ETFs are much like mutual funds but there are some key differences. ETFs also have sponsors. These sponsors have contractual relationships with authorized participants. These authorized participants are financial institutions like large brokers or banks. They obtain the underlying assets (securities) to create ETF shares. When there are shortages of ETF shares in the market or if the price per ETF share is too low compared to the underlying assets, the authorized participants will step in. By creating more shares in the market or reducing the amount of shares to increase the price per share. This ensures that the ETF share price is always close to the NAV price (Net Asset Value). Authorized participants are also responsible for the securities the ETF sponsor wants to buy or hold.
Larger ETFs have multiple authorised participants. This increases liquidity. As mentioned before, there are a few types of investment companies:
While mutual funds are open-end, ETFs can also be UITs or closed-end.
The biggest difference between mutual funds and ETFs is the type of management. ETFs are passively managed while mutual funds are actively managed. This makes a huge difference. A mutual fund is actively buying stocks and other securities over many years while an ETF mostly only follows an index. For example, an ETF that is tracking the S&P 500 only buys stocks from the S&P 500. Meaning whatever result the S&P 500 produced, the ETF will almost have the exact same result.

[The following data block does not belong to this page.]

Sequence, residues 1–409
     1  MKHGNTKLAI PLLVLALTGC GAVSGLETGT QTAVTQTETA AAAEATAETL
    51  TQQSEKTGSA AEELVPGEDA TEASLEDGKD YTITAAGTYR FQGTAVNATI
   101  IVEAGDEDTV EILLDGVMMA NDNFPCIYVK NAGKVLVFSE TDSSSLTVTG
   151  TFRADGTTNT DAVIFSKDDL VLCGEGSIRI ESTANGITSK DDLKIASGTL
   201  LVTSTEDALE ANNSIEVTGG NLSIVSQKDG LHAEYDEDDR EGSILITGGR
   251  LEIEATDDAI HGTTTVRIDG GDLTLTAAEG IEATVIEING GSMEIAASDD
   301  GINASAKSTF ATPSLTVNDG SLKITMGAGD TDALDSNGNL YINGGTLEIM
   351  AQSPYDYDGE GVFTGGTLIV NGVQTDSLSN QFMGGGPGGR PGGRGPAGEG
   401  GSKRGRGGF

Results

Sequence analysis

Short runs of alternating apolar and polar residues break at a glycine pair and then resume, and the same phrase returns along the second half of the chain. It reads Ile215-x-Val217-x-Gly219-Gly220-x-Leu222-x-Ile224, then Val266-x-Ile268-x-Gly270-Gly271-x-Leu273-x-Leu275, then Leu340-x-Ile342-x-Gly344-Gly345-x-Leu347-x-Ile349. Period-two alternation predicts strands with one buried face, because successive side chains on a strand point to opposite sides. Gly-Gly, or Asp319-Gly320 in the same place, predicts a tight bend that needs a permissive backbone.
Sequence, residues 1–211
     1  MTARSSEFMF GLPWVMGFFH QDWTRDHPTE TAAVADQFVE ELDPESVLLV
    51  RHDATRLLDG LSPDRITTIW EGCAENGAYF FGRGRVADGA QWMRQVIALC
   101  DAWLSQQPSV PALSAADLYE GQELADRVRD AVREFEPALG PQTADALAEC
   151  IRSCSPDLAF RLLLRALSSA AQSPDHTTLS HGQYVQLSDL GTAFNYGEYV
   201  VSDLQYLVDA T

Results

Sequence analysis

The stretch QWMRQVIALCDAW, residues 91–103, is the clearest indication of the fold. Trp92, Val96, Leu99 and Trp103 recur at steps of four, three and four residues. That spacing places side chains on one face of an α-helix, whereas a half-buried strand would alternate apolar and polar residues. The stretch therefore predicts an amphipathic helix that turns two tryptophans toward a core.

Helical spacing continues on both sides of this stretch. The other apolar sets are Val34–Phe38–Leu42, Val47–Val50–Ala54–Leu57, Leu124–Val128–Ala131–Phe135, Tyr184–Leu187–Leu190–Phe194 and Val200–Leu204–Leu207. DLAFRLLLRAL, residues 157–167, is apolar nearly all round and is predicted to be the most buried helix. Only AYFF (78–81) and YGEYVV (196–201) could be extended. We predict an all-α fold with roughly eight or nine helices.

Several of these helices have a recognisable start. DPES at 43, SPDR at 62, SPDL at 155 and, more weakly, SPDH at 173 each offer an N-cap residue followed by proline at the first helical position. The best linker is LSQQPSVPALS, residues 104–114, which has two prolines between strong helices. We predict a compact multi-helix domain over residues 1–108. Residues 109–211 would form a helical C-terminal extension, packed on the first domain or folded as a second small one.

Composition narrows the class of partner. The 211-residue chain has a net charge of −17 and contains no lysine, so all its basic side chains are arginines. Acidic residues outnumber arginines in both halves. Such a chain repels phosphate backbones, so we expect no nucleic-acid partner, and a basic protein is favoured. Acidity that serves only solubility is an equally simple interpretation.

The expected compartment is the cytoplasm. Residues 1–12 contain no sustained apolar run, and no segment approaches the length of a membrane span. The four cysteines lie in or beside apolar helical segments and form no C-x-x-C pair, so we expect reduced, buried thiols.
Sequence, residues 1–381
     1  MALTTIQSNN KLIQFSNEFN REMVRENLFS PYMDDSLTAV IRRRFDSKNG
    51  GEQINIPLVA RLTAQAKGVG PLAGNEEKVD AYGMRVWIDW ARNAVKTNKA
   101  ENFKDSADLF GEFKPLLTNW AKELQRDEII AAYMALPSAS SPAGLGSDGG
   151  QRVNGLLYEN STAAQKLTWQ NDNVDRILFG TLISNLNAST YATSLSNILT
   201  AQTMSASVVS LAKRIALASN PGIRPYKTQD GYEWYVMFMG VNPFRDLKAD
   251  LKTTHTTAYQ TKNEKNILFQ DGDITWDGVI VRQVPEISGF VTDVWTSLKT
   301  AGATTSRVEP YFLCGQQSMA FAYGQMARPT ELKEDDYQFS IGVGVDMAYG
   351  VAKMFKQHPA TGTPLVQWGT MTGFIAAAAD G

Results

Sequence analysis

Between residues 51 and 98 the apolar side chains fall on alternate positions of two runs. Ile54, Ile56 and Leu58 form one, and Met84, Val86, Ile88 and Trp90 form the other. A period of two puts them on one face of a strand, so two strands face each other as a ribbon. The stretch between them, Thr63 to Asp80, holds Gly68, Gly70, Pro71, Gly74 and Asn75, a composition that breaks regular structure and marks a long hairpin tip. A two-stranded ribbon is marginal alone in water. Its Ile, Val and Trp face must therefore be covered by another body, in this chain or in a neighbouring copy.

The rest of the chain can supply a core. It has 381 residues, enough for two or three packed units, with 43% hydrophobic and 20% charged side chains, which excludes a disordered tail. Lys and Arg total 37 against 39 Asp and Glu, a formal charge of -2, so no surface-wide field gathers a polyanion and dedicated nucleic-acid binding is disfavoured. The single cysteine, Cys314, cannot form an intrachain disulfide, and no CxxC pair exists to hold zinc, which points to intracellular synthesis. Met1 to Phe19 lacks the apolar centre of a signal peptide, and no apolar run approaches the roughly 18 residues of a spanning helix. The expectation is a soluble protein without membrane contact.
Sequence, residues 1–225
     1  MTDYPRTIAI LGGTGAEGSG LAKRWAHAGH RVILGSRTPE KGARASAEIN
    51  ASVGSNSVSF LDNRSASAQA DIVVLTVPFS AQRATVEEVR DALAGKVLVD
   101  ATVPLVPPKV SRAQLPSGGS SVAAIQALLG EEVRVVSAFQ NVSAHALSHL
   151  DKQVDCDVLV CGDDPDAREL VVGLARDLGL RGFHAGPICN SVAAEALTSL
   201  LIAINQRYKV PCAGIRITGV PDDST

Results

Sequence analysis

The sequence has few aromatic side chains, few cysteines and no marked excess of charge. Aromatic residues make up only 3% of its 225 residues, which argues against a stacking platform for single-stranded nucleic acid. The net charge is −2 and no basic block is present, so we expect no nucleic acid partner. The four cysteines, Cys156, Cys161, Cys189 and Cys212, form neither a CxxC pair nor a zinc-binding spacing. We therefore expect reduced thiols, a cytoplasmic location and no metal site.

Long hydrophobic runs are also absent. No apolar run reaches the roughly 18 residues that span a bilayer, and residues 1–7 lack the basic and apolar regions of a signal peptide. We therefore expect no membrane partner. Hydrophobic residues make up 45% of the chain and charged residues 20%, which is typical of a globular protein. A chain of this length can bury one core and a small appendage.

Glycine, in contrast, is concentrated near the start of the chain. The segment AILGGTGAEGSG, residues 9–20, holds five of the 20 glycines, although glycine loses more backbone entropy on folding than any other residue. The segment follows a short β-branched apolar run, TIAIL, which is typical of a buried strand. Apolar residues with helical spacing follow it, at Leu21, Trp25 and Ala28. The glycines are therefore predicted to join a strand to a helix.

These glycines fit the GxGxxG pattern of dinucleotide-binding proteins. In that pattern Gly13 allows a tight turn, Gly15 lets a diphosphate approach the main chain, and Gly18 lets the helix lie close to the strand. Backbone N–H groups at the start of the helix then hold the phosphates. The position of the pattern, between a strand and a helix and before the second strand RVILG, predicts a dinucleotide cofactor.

While ETFs are almost used exclusively as passive investments, there are some ETFs that are actively managed. About 2% of all the ETFs are actively managed. Although the reason is not 100% clear, there are not many actively managed ETFs because of the transparency rules. Actively managed ETFs need to be more transparent about their holdings vs mutual funds.
It might sound strange that you as an investor can’t exactly see what you are holding. But there is a good reason for that and that is to protect the funds from exposing their stock picking tricks and abilities. If everything was public, you can simply copy the same strategy or buy the same stocks without having to buy any shares from actively managed ETFs or mutual funds.
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